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Using Gilligan's Island for positioning

Gilligans island

In the sixth season of Mad Men, the episode called “A Man with a Plan” introduced a new concept—at least it was new to me:

What character from Gilligan’s Island is your product?

The ad men’s challenge was positioning margarine against butter: do we position our margarine as premium, low-cost, middle of the road, or something else?

Now, I can easily see using characters from TV show for buyer personas (although I’d probably be inclined to use Star Trek instead of Gilligan). Thurston Howell III & “Lovey” want to be seen as elite, so they would choose the premium brand regardless of cost. Ginger loves status and fame so she’d be inclined to buy a product recommended by famous people.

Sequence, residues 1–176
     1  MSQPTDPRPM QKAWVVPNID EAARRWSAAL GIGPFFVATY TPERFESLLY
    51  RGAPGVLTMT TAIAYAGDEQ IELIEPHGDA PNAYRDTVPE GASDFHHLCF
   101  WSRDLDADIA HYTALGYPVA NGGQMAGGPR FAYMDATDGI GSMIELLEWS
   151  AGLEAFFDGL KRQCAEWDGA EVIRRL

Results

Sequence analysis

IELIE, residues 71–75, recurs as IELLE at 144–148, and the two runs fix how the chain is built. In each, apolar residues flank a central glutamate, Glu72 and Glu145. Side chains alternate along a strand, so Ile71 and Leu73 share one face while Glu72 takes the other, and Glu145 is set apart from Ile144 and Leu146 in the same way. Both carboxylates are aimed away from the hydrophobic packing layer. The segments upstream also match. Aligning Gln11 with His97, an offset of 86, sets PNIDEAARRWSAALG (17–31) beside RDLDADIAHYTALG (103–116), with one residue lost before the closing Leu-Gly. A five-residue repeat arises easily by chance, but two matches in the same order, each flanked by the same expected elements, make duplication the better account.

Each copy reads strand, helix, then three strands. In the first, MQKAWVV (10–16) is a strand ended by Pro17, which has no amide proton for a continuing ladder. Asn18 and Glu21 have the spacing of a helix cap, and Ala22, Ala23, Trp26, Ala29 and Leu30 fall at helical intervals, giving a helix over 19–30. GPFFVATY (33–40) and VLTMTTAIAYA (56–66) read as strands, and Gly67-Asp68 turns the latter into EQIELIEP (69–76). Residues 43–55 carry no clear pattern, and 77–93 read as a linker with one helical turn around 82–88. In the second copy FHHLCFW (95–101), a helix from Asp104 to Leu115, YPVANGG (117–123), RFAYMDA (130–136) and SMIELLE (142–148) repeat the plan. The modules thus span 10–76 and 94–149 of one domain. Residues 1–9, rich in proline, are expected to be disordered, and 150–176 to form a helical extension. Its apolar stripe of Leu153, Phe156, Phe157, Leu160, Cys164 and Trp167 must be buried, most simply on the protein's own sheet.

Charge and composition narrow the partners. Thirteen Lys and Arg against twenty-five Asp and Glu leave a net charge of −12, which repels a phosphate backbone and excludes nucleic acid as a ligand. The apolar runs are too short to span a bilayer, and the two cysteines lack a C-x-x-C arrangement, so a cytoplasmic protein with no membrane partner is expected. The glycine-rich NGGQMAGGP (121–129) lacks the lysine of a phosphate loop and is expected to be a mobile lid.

But can you apply this TV character approach to a product or brand? And what other TV shows would make a good short-hand for personas and positioning?

I’d love to hear your thoughts and comments.

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Using Gilligan's Island for positioning

In the sixth season of Mad Men, the episode called “A Man with a Plan” introduced a new concept—at least it was new to me:

What character from Gilligan’s Island is your product?

The ad men’s challenge was positioning margarine against butter: do we position our margarine as premium, low-cost, middle of the road, or something else?

Now, I can easily see using characters from TV show for buyer personas (although I’d probably be inclined to use Star Trek instead of Gilligan). Thurston Howell III & “Lovey” want to be seen as elite, so they would choose the premium brand regardless of cost. Ginger loves status and fame so she’d be inclined to buy a product recommended by famous people.

But can you apply this TV character approach to a product or brand? And what other TV shows would make a good short-hand for personas and positioning?

I’d love to hear your thoughts and comments.